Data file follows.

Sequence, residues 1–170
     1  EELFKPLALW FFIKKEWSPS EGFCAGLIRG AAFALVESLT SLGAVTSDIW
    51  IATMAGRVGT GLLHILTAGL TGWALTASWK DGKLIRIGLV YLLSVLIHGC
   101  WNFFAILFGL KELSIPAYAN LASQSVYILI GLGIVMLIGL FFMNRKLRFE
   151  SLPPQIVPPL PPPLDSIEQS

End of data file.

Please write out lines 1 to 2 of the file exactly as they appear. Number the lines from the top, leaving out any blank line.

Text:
Sequence, residues 1–170
     1  EELFKPLALW FFIKKEWSPS EGFCAGLIRG AAFALVESLT SLGAVTSDIW